With the emergence of Heat-Assisted Magnetic Recording and Microwave-Assisted Magnetic Recording, understanding nanoscale heat transfer at the head-media interface is crucial for developing reliable hard disk drives. There is a need to develop a methodology that uses a spacing-dependent nanoscale heat transfer coefficient, determined by using wave-based radiation and van der Waals force driven phonon conduction theories to predict head temperatures in hard disk drives. We present a numerical model to simulate the head temperature due to heat transfer across a closing nanoscale gap between the head and the media (nonrotating) and compare our results with static touchdown experiments performed with a head resting on three different media (Si, magnetic disks with AlMg, and glass substrates). The Thermal Fly-Height Control (TFC) heater in the head is powered to create a local protrusion, leading to contact of a resistive Embedded Contact Sensor (ECS) that is used to measure the temperature change. As the ECS approaches the media, enhanced phonon conduction heat transfer causes a drop in the ECS temperature vs TFC power curve. Our model shows that the introduction of van der Waals forces between the head and the media during computation of the head's thermal protrusion causes a steeper drop in the simulated ECS temperature curve, ensuring a good quantitative match with experiments for all of the media materials tested and different initial ECS-media spacings. We isolate the effect of air conduction on ECS cooling by comparing our simulations with experiments performed in air vs vacuum.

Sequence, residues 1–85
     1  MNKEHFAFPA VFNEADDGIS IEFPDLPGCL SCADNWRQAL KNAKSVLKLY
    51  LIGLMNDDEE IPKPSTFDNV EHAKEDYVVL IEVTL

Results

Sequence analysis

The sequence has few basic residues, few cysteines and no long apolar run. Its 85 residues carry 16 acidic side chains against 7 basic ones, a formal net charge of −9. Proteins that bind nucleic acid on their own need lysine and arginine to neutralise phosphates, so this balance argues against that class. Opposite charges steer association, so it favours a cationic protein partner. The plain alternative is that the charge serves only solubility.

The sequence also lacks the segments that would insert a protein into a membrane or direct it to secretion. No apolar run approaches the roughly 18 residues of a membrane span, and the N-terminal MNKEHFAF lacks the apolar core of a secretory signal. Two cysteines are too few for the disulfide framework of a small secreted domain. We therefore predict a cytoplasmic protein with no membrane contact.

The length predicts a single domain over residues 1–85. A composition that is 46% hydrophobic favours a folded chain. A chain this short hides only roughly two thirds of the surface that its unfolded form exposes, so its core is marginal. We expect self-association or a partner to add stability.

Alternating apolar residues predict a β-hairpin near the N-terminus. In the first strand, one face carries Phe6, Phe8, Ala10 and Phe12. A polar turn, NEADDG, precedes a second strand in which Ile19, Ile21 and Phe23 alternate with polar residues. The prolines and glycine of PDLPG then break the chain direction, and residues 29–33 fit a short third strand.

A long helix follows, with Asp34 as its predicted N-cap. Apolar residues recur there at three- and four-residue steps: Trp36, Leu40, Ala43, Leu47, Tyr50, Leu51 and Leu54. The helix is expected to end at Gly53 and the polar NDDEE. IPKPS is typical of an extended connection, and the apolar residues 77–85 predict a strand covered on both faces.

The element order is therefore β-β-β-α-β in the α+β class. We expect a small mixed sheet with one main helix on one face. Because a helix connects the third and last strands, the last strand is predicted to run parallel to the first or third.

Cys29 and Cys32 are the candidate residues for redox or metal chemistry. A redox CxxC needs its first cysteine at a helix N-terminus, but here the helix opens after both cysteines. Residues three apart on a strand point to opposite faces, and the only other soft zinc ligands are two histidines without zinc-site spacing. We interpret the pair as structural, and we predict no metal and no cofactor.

ASJC Scopus subject areas
- Physics and Astronomy (miscellaneous)